Teacher facing deportation returning to classroom after having case reopened by immigration services

A D.C. teacher facing deportation will return to the classroom after her case was reopened by the United States Citizenship and Immigration Services (USCIS), her school announced Monday.

Min Wang, a Chinese teacher at Georgetown Day School, learned last week that she was ordered to leave the country after two visa applications she applied for were denied. This came after the H-1B visa that allowed her to work in the United States had expired.

Kevin Barr, the associate head of school at Georgetown Day School, said in an email to the school community that Wang can teach while her case is re-examined by immigration authorities.

"Dear Parents and Students,

"I write with good, albeit head spinning, news. Min Wang's case has been reopened by USCIS. Although we do not know what this means for the long run, and won't until a new decision comes down, while the case is pending, Min has the legal right to return to work. We do not know why the case has been reopened, and it would be foolish to speculate, but GDS and Min are grateful for all the support that you and your children have shown in this trying situation. You are probably aware that two of our students took it upon themselves to start a petition online through the website MoveOn.org and more than a few of you reached out to your contacts in the government and the media.

"That being said, now that the case has been reopened, we have been advised that more media attention could well be counterproductive, and I would ask that those of you who are so inclined would hold off, until further notice. Please know, we are continuing to work this case and are not simply in waiting mode.

"Min will return to work tomorrow and is eager to do so. She will be here for parent/teacher conferences on Thursday and Friday, as well, and looks forward to sharing her insights regarding your children's progress.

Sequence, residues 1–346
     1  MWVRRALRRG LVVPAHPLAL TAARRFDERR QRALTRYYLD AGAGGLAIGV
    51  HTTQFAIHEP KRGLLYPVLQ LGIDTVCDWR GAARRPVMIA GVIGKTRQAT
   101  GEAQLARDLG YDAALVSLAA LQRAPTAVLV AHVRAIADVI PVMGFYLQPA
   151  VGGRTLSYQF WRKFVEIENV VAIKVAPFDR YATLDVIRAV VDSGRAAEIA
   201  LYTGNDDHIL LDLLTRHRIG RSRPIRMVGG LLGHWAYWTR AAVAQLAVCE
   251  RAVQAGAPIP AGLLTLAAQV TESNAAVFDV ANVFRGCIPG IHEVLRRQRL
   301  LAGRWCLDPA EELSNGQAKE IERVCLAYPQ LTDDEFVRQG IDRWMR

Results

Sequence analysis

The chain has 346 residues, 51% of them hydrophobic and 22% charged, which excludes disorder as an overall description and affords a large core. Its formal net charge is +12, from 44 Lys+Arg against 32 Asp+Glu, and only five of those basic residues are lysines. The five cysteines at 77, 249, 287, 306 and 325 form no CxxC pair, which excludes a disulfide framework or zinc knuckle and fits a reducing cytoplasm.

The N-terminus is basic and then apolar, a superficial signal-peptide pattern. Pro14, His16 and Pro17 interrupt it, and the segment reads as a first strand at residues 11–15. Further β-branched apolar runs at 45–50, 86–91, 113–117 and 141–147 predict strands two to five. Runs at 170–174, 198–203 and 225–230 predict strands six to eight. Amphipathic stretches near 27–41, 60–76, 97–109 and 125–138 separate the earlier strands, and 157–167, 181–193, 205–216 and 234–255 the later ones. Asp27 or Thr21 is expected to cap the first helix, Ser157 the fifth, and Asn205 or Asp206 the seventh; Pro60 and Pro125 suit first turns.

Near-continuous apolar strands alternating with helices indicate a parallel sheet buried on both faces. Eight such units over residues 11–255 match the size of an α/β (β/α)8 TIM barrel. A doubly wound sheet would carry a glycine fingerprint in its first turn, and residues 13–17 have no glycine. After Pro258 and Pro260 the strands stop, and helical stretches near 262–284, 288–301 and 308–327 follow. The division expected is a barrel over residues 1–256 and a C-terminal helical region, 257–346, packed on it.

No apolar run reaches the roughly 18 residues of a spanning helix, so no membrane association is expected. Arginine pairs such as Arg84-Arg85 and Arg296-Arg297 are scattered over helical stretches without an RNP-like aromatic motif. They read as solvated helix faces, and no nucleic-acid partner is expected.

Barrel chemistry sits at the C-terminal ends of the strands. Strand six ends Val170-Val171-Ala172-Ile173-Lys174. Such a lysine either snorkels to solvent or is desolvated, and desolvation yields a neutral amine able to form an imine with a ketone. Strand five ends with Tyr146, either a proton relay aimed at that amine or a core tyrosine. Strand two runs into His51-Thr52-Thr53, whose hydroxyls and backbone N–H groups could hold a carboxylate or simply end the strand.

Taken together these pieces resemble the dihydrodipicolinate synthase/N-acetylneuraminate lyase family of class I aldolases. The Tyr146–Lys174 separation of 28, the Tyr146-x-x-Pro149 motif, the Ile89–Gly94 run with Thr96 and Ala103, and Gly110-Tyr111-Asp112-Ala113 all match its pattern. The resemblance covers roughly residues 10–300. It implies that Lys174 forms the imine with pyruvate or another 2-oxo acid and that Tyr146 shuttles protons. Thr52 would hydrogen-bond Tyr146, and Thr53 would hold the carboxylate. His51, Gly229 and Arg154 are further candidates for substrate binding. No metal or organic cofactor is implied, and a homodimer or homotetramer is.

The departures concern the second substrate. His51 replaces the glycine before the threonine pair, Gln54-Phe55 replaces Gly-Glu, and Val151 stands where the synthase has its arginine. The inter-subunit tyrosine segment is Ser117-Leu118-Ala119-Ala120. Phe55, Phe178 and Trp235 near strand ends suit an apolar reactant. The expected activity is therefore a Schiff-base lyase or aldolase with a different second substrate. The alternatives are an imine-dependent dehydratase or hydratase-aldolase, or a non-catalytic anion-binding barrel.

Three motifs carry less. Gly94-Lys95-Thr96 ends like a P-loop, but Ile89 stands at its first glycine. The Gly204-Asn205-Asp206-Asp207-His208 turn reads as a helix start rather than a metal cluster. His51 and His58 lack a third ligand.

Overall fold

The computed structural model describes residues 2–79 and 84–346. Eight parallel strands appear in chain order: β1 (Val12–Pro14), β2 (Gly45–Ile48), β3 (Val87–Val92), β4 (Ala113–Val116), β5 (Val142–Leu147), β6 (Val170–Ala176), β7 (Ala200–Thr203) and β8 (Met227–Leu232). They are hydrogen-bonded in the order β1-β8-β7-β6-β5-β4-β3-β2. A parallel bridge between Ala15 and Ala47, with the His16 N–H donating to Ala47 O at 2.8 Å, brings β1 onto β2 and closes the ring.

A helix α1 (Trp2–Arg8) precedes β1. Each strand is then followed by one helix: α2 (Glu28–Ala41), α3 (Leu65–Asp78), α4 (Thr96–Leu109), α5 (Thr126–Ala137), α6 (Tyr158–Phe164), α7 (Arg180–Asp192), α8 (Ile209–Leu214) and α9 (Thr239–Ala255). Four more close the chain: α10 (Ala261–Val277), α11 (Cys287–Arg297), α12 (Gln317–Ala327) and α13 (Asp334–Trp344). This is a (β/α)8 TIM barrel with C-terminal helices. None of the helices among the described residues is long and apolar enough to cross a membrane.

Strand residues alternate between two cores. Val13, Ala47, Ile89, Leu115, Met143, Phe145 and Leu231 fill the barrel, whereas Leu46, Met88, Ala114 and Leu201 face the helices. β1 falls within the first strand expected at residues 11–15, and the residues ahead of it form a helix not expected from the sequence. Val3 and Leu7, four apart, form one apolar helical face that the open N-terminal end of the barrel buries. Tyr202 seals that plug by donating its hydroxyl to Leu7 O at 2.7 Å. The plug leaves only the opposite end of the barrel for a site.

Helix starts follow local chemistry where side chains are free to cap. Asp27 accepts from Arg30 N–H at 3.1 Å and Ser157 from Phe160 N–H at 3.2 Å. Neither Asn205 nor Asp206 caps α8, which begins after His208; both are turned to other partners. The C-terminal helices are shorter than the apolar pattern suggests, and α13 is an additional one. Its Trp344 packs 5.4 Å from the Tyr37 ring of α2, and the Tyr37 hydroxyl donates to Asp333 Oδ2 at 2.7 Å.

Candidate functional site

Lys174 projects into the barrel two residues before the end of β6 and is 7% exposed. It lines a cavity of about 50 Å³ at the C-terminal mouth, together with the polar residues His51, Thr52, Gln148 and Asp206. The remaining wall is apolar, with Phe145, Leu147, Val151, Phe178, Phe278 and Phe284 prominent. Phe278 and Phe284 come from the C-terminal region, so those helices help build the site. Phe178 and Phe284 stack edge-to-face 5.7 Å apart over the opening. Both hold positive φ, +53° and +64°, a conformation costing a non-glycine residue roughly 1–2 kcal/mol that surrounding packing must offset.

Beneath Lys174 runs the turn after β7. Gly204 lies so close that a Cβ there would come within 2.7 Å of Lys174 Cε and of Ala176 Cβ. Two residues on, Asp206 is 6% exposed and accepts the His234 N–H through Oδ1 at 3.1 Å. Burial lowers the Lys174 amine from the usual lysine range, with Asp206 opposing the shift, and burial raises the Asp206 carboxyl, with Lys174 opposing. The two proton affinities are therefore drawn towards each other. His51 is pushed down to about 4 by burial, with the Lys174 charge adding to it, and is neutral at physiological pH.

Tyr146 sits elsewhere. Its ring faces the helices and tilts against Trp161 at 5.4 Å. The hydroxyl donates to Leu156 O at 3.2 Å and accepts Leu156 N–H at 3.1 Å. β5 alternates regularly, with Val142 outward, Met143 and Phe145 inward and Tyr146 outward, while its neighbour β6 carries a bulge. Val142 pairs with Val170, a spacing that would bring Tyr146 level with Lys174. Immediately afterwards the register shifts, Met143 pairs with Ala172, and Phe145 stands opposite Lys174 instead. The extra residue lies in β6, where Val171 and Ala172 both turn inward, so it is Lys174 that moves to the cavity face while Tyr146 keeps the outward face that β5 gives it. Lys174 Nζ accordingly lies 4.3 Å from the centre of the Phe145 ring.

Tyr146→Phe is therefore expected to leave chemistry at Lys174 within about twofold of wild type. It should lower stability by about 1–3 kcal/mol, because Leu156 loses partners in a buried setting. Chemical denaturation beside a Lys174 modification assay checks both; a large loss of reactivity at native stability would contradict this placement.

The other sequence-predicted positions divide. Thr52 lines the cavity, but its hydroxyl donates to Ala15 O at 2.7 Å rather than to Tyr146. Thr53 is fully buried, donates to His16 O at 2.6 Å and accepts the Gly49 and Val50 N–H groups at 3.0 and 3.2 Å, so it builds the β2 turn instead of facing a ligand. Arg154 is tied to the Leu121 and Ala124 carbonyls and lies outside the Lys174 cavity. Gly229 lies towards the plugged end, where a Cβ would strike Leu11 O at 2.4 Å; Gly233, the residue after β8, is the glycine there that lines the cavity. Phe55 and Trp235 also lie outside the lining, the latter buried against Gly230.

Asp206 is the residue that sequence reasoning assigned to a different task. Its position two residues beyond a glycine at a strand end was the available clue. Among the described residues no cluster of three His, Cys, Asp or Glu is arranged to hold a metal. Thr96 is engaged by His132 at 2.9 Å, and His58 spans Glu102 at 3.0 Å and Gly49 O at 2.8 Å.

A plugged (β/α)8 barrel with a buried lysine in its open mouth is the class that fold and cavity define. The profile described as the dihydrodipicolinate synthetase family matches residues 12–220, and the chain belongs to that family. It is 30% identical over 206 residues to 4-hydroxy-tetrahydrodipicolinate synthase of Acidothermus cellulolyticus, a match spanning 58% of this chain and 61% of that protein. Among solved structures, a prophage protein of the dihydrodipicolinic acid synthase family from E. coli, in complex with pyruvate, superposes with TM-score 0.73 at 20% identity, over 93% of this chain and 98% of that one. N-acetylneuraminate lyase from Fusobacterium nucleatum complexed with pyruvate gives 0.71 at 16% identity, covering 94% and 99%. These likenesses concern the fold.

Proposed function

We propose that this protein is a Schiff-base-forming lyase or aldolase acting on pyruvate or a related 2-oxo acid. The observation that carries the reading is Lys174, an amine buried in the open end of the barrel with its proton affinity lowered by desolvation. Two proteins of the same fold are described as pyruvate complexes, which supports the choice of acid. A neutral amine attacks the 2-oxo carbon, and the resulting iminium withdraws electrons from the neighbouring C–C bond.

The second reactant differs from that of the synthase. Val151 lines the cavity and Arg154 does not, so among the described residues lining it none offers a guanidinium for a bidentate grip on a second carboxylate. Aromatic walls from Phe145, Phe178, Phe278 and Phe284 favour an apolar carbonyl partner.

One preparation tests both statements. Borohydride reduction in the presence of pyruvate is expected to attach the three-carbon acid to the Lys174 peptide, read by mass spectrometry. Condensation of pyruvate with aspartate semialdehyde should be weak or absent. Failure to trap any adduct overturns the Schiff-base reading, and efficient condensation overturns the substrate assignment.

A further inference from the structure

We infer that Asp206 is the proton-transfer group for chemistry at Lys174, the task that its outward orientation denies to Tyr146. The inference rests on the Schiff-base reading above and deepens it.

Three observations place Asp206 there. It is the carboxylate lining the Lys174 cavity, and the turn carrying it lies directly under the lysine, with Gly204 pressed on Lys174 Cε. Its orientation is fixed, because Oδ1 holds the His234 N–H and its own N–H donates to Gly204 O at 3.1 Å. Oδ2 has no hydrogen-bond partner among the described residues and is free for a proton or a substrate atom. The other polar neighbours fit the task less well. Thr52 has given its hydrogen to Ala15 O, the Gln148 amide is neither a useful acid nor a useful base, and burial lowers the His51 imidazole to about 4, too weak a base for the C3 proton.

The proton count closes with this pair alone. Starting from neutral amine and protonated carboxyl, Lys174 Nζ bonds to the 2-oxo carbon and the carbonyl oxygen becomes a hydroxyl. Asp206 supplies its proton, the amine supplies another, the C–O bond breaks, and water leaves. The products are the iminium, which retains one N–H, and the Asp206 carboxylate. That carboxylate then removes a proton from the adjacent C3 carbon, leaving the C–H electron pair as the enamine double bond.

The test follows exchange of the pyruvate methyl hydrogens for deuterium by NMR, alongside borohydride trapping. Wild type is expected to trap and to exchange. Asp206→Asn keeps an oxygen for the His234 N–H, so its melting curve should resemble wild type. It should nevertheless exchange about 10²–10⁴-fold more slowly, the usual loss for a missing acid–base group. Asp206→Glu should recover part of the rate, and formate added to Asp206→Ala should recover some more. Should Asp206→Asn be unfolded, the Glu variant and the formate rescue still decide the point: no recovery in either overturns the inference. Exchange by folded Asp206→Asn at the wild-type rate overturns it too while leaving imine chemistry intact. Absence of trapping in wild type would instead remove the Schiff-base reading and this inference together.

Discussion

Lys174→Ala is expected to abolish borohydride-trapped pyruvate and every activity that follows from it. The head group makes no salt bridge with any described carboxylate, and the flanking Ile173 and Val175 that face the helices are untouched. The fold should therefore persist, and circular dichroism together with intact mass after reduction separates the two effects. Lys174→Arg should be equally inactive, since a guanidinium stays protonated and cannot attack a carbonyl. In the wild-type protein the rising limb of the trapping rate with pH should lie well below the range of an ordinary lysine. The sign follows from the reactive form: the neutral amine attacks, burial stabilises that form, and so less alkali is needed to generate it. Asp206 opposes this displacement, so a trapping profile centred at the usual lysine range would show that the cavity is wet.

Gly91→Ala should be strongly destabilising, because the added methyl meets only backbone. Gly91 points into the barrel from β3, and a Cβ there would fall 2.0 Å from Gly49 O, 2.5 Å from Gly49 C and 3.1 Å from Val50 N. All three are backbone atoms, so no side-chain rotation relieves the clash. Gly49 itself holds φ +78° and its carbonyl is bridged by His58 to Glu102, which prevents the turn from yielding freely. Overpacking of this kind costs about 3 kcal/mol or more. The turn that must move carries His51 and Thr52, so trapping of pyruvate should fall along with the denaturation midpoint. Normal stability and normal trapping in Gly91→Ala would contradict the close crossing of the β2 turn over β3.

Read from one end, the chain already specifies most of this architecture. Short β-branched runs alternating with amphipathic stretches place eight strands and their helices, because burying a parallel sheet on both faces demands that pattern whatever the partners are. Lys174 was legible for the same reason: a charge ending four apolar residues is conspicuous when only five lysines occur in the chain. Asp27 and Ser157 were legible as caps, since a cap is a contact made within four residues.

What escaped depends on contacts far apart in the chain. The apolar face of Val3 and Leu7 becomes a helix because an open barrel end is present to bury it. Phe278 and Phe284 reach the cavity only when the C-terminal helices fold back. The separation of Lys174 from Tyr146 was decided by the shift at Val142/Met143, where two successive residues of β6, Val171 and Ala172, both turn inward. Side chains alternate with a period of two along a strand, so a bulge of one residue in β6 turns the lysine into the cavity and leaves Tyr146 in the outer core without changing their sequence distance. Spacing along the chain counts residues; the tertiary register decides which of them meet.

"Again, thank you for your support."

Wang told FOX 5 that she applied for the EB-1 visa, which is known as the "Einstein visa." This program is available to those who demonstrate extraordinary ability in their field such as the sciences, arts, education, business or athletics. This is the same visa that allowed first lady Melania Trump to gain legal residency. Wang said she and her immigration attorney were confident that she had met the criteria, but USCIS disagreed.

Wang is a published author and has taught at Harvard University, Swarthmore College and the University of North Dakota, where she started the first online Chinese language program in the state. After earning her a doctoral degree, she got her post-doctorate from Harvard.

They started a petition on change.org titled "Visa For Our Chinese Teacher, Min Wang." As of Tuesday night, the petition already had several hundred signatures.

Two Georgetown Day School students, Viraj Prakash and Wes Cooper, started an online petition on change.org for their teacher.

"Dr. Wang has been one of the most phenomenal teachers I have had by far," Prakash said.

The students know it might not help, but they wanted to do something to show support for their teacher.

"It means the whole world to me," Wang said. "Which means what I have been doing is very meaningful."

Wang says she has others fighting on her behalf as well, from educators in D.C. to congressional leaders in North Dakota.

"It gives me some hope because I feel terrible," she said. "This is just a little silver lining here."